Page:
The issue was reproducible in a separate instance for say 2500 notifications with same observations as mentioned above.It took more than 3 hours for the process to complete and the rate of notification creation did decreased with time.

Now see the below process extract wherein the two activities in Process 1 have been merged into a single activity:

no_loop

      Fig : Process 2

 

The activity simply does the job being carried out by those in Process 1 but within a PL/SQL loop rather than the workflow loop:

--------------------------------------------------------------

Loop Starts

    Get Recipient Logic

    Send Notification to the identified recipient

Loop ends

--------------------------------------------------------------

The process 2 completed for 2500 notifications in less than 2 minutes ! And there was no noticeable performance degradation in the rate at which notifications were created.

So , what made the difference?

In general , internally for each execution of a workflow loop , a number of extra DML statements will run while re-executing the same function activity again and again. And workflow never issue any intermediate commits while executing a given flow until it reaches the end of the flow or a blocking activity. Hence the overall DMLs in Process 1 would result in heavy usage of redo logs and rollback segments until a commit happens. The workflow engine in effect is unnecessarily stressed by the loop here leading to performance deterioration when this long running workflow loop can be easily avoided as done in Process 2.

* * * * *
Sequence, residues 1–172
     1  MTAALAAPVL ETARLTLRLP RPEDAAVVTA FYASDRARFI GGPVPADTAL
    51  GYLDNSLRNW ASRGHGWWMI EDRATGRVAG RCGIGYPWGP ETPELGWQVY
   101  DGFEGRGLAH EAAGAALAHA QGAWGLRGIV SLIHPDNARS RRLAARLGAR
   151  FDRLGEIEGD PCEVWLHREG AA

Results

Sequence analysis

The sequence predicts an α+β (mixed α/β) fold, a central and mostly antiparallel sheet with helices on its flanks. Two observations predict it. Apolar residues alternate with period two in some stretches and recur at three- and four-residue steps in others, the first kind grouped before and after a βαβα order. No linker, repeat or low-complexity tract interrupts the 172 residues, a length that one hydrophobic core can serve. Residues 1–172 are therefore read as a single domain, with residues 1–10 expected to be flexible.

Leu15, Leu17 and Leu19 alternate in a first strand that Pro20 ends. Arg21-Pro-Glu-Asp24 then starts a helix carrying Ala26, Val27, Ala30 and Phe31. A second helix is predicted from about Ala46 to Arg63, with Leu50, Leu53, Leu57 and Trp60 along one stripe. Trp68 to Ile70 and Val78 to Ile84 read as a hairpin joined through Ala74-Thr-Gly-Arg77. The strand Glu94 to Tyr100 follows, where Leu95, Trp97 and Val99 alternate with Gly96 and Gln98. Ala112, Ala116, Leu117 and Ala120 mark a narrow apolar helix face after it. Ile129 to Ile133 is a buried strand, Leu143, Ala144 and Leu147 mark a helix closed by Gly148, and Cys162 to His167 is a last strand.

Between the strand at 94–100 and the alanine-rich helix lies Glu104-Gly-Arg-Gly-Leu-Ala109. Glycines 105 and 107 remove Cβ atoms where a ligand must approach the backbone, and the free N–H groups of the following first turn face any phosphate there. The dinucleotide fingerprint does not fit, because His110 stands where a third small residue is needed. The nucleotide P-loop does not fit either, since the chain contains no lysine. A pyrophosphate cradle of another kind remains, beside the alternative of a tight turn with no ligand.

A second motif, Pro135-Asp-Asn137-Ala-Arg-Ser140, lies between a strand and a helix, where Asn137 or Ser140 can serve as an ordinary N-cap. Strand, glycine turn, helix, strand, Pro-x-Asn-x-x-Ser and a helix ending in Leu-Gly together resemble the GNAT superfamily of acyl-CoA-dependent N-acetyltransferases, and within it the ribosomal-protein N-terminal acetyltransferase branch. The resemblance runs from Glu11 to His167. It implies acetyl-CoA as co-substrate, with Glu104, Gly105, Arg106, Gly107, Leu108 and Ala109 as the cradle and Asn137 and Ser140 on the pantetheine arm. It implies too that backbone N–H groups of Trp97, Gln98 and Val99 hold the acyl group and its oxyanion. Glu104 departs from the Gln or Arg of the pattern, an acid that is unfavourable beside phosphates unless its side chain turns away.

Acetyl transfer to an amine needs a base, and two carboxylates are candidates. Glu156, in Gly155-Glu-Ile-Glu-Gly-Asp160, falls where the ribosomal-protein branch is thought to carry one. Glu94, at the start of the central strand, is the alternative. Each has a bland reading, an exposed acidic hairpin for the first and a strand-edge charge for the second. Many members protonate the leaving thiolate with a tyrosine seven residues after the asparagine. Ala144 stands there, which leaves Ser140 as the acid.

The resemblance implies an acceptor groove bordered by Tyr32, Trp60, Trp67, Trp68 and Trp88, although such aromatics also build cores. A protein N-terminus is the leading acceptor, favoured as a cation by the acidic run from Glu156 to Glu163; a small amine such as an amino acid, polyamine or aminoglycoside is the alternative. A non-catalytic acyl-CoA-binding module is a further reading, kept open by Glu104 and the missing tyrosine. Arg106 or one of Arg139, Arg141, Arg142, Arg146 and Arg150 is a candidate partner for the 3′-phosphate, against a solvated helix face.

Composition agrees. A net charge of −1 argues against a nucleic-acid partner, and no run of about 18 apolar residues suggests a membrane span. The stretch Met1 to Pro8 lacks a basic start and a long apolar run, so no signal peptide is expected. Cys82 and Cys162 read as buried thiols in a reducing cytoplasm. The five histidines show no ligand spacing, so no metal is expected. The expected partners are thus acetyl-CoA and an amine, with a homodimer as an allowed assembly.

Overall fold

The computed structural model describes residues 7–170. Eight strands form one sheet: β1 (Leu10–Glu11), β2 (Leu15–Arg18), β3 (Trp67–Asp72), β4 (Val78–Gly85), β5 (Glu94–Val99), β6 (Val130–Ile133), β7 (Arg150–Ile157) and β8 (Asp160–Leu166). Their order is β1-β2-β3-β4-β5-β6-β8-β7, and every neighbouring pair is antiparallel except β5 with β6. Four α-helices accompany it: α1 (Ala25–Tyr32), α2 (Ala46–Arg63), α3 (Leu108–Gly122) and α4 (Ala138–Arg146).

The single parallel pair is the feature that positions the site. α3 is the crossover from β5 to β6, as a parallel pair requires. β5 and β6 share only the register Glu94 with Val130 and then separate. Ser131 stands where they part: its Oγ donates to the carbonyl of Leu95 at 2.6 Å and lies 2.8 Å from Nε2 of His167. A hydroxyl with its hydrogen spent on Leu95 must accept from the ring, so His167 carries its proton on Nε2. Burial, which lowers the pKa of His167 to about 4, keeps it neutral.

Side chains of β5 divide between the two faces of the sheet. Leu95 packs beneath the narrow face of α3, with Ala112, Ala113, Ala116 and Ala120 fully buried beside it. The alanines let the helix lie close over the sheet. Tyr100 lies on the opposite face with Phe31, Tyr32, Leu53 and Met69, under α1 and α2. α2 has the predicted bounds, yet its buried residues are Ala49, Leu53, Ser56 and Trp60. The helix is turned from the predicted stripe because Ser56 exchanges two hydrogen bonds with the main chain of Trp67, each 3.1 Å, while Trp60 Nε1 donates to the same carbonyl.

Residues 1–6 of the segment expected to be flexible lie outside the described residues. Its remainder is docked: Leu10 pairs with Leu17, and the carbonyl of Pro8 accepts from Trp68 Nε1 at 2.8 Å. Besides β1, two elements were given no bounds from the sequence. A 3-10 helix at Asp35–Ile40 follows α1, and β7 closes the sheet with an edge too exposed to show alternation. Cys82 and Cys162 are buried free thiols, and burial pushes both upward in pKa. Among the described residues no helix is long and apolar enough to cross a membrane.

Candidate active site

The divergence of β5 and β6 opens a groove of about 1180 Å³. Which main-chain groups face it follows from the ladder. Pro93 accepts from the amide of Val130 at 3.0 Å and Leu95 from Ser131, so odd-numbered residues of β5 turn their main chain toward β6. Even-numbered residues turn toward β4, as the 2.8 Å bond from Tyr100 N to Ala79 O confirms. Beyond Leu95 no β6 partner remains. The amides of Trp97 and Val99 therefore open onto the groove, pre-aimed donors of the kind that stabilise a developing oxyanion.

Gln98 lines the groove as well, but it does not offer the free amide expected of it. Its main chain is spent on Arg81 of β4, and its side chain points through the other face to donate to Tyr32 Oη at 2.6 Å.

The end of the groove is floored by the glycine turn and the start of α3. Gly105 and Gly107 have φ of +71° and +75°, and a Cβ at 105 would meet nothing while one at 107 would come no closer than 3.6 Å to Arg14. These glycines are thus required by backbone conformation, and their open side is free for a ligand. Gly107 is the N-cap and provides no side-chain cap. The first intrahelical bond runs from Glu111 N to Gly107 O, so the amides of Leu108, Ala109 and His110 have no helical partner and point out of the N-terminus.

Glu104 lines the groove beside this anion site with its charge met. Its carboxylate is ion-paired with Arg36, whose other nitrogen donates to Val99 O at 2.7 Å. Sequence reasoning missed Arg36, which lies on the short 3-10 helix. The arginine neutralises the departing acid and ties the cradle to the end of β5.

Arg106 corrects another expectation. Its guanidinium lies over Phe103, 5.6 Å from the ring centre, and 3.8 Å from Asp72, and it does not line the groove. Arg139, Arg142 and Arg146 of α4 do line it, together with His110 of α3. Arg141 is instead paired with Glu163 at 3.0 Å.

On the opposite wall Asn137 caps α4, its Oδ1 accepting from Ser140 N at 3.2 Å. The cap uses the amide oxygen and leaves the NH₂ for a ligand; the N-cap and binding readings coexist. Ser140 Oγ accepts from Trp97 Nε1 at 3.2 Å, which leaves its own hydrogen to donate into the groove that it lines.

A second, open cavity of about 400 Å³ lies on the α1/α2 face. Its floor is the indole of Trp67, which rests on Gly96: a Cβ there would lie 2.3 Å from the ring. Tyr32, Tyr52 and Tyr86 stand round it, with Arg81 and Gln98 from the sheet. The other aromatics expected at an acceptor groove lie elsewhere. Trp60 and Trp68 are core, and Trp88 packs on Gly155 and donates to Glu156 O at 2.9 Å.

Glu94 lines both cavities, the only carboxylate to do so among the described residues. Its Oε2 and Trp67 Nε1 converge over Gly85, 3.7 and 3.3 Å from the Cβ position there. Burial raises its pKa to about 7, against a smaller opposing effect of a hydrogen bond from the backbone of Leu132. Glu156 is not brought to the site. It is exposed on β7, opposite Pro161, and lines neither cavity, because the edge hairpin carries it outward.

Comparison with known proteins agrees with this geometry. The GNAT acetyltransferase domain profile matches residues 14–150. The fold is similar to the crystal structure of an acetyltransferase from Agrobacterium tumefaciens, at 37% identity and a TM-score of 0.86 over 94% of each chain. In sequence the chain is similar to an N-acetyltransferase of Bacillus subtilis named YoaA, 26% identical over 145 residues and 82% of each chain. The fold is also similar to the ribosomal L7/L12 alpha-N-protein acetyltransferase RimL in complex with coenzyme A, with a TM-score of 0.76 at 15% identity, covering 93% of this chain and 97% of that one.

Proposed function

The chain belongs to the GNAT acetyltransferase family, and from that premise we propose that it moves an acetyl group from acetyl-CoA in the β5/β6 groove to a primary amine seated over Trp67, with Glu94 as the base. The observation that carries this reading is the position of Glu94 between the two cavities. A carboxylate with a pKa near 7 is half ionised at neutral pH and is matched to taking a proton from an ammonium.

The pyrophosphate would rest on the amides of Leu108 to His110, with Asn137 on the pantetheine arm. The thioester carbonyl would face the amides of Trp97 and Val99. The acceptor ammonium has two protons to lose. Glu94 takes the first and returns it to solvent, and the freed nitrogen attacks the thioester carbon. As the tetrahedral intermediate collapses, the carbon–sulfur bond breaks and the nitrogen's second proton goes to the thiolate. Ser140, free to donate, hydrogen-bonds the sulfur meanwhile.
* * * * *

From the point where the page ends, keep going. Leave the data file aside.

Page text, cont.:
At the end, from a developer perspective use your own judgement and common sense to decide on how granular your workflow process should be such that it doesn't hits us somewhere else as demonstrated above.

Workflow Engine vs Business Event System

Oracle Workflow has two major execution engines.

    • Workflow Engine
    • Workflow Business Event System

Here is a simple comparison of what they process and their associated background components.

Workflow Engine Workflow Business Event System
Executes workflow processes created using Windows based Workflow Builder client Executes subscriptions to business events registered using Event Manager in Workflow Administrator Web Applications Responsibility
Entry point foreground APIs are WF_ENGINE.CreateProcess and WF_ENGINE.StartProcess Entry point foreground API is WF_EVENT.Raise
Execution deferred to background by enqueuing message to AQ WF_DEFERRED_QUEUE_M Execution deferred to background by enqueuing message to AQ WF_DEFERRED
Entry point background API is WF_ENGINE.Background Entry point background API is WF_EVENT.Listen